84: Misty’s Tilted Halo

84: Misty’s Tilted Halo

From Chicken Soup for the Soul: My Very Good, Very Bad Dog

Misty’s Tilted Halo

Not-so-fun fact: Distracting a service dog while she’s working could be dangerous to her handler, so do not pet or speak to a service dog.

“Oh, I see you’ve got one of those angels on earth!” exclaimed a woman who saw me at the park with my first guide dog, Misty. Of course, the public has a misconception that guide dogs are flawless. I smiled and nodded. I couldn’t tell her that my guide’s halo occasionally tilted. In fact, Misty had just been distracted by a duck and almost pulled me into the nearby pond.

When onlookers see a well-behaved guide dog, that’s not an accident; it is hard work for the dog handler. Practicing good dog-training skills is a task I work on daily. A blind owner must give the dog constant praise for good behavior or gentle correction when it makes a mistake or becomes distracted. It’s a delicate challenge to discipline my best friend, my buddy that I need to trust.

Stepping into busy streets and walking around construction sites are just two of the dangers we overcome together. Being generous with affection and setting limits have positive results with my dog. A friend and fellow student at the Seeing Eye thinks so, too, saying, “I wish I had gotten my guide dog before I raised my kids. I would have used praise and consistency more.”

Misty did a great job looking out for my needs, but she also managed to take care of hers. One day, she skillfully navigated me through a bustling store during the holidays. I was distracted by the commotion. Babies cried, cash registers clinked, bags rustled, and Christmas carols blared on a sound system.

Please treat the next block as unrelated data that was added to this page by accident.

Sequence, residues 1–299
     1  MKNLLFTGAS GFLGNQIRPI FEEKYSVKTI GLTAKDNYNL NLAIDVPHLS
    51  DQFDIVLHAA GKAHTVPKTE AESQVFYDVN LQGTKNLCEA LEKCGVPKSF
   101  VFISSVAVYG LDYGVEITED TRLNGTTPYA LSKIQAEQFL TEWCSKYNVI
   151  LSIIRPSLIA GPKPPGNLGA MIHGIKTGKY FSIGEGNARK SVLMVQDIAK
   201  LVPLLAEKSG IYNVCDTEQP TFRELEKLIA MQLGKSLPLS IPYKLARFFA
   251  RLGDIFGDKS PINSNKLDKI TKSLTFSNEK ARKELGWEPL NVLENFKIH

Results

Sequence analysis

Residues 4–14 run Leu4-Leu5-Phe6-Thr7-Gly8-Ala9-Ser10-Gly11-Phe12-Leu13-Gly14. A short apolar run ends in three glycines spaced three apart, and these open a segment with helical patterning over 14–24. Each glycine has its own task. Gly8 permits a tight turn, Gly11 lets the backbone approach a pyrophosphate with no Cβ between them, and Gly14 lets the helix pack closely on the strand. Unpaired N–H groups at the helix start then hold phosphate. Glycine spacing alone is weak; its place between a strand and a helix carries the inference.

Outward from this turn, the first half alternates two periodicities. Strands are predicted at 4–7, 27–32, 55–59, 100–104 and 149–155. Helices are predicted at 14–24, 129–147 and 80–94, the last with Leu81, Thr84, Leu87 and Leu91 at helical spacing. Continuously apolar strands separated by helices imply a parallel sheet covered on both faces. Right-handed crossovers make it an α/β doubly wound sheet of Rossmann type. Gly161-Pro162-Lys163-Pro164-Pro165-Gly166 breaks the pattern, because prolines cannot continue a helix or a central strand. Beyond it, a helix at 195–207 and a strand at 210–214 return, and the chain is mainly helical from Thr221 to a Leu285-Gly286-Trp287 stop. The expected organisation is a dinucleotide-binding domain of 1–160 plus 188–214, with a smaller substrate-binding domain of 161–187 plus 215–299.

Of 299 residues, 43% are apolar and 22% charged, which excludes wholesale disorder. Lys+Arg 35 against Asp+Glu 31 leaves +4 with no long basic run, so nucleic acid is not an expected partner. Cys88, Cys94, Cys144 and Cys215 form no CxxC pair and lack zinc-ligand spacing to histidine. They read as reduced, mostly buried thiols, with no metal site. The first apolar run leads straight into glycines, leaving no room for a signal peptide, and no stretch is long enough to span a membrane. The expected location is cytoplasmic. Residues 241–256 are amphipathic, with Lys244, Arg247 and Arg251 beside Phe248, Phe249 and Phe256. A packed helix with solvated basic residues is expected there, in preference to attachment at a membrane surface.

“Can I pet your dog?” other shoppers asked me.

“No, I’m sorry, she’s working.” Misty’s beauty and gentle eyes attracted people like a magnet, but she needed to pay attention to me, and all the hazards in our path. Through the harness handle, I felt my dog move more cautiously, so I sensed obstacles and cramped aisles.

We were ready to go home when I realized that I hadn’t said “good girl” for keeping me safe. What an oversight on my part, since our shopping trip was without any flaws, not even a stumble or bump. I heard a “whoosh” as the electric doors parted, and I bent down to give her a pat. That was when I felt something clenched in her jaw — a spongy, round object. My good dog had snatched a ball from the toy department. I went back into the store to pay for the ball, which became her holiday bonus.

Despite her training, good manners, and charm, Misty was full of surprises. One evening, we took her to the theater with us. As the house lights were going down we dashed to our seats. My husband helped me peel off my coat, and then I told Misty “sit.” A thud and a sigh let me know she was down, but I learned later, not all the way. The man seated in front of her must have been alluring, full of animal magnetism to my dog. Before lying down on the floor, she lunged forward, and I heard her give him a “kiss” on the back of his ear. My husband told me that the man turned to look at his wife with a huge smile on his face.

Misty gave me freedom and dignity and she was a responsible, careful guide dog; but she was still a dog at heart. Once, at our home during one of our yuletide parties, a guest asked, “What’s that sticking out of your nativity scene?” I knelt down and felt around under the decorated tree. And there it was — a stash of buried dog biscuits!

~Carol Chiodo Fleischman

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